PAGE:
THE damage wreaked by Storm Arwen - and views on the response to it - were laid bare at a public meeting.

Strategic manager Kevin Edworthy outlined Durham County Council's plans for such emergencies, reviews following the storm and a proposed improvement plan.

Three people were killed and one million homes lost power - more than 100,000 for several days - as hundreds of falling trees and poles brought lines down when the biggest storm for a decade hit the north on November 26 to 27 last year.

Almost 14,900 properties lost power in County Durham and 120 council buildings were damaged by "one of the most disruptive weather events" in recent times.

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Many homes went without power for several days before it was restored fully on December 9. Rail services were cancelled and roads blocked by trees and overturned vehicles.

A report told of the scale of the response - more than 5,000 visits to check on vulnerable residents, over 2,000 extra tonnes of waste collected, 41 food vans sent out, 14 households offered temporary accommodation and 330 emergency support packs given out containing items like heaters, stoves, hand-warmers, toiletries, torches, batteries and food supplies.

Reviews and debriefs followed in the wake of the storm.

A national review found information and data provided by utility companies to local responders "wasn't fit for purpose".

There was "a lack of shared understanding or agreement between the utility companies and local responding agencies as to who was responsible for what" in some areas.

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A council review found a mixed view from members of the public.

Many were not satisfied with the speed of response and communication, while others commented favourably on the efforts of frontline staff, responders, councillors and MPs.

"But there's no getting away from it, there were lots of people who weren't necessarily happy with the response," said Mr Edworthy.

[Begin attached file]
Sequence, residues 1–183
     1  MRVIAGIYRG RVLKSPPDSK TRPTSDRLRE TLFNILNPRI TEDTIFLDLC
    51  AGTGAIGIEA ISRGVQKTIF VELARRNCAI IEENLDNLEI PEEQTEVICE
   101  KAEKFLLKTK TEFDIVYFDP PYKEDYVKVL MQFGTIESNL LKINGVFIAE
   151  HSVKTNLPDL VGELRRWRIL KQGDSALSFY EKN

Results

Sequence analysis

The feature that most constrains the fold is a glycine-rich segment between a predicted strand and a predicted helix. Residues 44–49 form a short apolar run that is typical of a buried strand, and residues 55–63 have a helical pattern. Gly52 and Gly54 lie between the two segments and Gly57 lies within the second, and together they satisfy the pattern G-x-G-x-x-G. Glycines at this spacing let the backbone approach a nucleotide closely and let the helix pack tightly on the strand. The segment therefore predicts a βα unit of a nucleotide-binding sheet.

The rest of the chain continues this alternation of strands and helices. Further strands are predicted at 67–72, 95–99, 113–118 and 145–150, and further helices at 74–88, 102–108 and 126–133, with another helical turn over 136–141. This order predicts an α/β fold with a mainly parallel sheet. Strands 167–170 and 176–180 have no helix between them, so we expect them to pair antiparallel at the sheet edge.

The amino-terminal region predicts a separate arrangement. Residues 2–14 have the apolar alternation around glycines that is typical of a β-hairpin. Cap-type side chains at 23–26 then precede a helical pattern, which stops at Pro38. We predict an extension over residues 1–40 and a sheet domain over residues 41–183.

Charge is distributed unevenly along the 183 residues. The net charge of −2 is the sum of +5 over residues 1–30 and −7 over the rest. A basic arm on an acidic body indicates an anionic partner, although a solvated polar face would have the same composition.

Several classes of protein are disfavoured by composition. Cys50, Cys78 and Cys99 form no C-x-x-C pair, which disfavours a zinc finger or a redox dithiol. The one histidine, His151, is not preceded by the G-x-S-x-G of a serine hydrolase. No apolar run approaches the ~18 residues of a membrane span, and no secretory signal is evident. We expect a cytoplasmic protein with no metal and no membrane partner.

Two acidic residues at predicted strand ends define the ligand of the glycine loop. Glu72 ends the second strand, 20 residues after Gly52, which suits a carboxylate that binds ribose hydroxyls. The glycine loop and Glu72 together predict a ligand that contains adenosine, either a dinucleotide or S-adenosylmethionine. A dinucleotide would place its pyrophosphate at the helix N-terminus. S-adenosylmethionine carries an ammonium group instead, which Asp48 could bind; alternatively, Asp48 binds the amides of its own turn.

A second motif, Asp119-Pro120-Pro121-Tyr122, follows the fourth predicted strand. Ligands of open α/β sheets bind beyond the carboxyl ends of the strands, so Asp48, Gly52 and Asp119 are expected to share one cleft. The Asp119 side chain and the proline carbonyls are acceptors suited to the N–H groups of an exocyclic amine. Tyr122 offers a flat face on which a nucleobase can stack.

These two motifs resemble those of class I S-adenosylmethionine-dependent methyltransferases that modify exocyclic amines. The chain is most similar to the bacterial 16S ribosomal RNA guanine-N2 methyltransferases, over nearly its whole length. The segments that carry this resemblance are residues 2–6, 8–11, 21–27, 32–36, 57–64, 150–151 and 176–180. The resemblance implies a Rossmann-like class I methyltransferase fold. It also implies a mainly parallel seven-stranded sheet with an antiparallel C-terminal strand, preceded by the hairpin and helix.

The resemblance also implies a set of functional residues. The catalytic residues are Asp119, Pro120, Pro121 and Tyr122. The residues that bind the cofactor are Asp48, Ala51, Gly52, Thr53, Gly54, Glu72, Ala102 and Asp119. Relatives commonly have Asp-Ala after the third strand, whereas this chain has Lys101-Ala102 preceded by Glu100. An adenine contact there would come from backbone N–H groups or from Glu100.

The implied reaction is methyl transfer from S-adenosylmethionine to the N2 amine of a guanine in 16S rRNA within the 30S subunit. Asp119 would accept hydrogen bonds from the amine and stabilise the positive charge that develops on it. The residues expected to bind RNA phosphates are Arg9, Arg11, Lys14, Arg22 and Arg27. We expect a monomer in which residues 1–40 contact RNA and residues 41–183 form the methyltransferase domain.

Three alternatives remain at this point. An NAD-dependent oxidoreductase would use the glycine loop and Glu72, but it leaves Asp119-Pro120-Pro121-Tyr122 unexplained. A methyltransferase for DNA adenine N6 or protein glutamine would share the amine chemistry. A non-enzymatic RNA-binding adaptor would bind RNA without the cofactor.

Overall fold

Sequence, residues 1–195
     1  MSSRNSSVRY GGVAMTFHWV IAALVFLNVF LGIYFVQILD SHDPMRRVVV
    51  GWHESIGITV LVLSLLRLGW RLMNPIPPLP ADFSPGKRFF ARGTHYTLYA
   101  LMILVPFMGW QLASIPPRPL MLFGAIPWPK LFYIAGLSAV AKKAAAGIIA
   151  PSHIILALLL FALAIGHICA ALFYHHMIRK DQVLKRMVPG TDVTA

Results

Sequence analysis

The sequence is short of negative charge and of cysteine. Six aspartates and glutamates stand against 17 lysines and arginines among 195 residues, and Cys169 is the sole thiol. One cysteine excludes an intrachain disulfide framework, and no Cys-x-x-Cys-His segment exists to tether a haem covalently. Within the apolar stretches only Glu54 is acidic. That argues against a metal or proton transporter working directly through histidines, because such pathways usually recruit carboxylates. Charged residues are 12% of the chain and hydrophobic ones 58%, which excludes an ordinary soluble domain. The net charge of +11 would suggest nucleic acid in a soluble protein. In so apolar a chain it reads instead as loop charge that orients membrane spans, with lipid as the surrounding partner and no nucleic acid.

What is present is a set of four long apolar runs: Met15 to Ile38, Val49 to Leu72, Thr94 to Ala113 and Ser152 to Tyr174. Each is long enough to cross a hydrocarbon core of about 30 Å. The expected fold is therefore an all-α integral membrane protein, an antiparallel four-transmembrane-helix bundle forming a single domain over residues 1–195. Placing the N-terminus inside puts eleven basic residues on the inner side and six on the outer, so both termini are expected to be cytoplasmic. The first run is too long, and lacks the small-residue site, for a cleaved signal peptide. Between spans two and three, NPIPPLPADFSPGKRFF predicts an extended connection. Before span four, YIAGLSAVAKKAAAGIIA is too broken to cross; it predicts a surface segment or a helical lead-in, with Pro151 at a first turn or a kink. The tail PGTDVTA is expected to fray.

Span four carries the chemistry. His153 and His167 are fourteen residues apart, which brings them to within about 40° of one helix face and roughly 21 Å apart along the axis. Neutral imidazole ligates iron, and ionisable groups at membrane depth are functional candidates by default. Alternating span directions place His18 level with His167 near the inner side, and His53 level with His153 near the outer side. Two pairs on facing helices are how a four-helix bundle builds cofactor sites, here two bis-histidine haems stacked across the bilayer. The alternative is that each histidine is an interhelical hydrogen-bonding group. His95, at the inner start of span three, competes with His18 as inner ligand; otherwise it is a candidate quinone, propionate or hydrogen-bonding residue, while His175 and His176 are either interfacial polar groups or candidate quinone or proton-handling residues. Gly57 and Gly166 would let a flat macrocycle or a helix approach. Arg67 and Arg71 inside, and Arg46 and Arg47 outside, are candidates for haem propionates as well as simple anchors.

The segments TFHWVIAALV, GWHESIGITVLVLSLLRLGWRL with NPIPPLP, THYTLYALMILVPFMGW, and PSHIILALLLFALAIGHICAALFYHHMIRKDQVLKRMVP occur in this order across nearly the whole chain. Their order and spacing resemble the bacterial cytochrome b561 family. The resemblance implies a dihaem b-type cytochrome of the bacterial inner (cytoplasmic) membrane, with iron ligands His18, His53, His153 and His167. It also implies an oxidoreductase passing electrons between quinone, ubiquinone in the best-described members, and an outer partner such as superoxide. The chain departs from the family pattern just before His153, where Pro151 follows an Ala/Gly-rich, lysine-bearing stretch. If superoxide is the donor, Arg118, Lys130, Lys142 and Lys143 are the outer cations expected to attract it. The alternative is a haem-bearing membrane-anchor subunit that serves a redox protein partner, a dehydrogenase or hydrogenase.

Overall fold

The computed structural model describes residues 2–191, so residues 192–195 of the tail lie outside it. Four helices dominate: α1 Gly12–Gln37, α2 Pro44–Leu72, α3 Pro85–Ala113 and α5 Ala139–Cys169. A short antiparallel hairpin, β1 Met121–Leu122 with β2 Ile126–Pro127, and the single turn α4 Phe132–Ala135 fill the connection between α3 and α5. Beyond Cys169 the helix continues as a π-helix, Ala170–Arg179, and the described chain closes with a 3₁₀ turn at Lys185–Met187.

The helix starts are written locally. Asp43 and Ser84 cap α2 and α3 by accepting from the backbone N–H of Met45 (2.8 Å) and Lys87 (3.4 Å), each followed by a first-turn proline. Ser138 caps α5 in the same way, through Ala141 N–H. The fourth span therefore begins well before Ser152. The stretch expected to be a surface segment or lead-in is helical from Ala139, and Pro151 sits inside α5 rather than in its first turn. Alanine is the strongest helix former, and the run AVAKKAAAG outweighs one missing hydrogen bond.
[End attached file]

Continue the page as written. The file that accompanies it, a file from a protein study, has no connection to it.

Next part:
"There was an expectation that the council should be stepping up."

Many people and councillors "expected that the council should provide support and that this should happen quickly and sooner than it did", said the report.

There was concern about how long it took the council and others to recognise the severity of the situation. 

A major incident was declared on December 1, five days after a rare red weather warning was issued from the Met Office, two days before the military was brought in.

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Utility companies were allowed up to 48 hours to reconnect customers before people were entitled to compensation, but people "expected immediate response and support".

There were concerns about how effective command and control was during the first few days, when it was not clear who was leading efforts.

But once a Local Resilience Forum (LRF) response was established, it proved effective.

The council played a significant role with officers stepping in at short notice and working out of hours to support people, while community, voluntary and faith groups gave rapid and spontaneous support, opening up buildings and churches and providing hot meals.

Town and parish councils were praised in the meeting as "absolutely incredible" and the work of Northern Powergrid engineers was recognised.

With lessons learned from Arwen, the response had improved with later storms.

The council's review highlighted the need to "improve awareness and understanding of emergency planning and response" among councillors, officers and staff, make responsibilities clear and share information. 

An improvement plan has been drawn up to help prepare and organise for future incidents.

It includes training, raising awareness, funding, resources, public advice, communication, improving power sources at community buildings, a register of vulnerable people and preparing for a "surge".

A final action plan is expected to be taken to the council cabinet in July.


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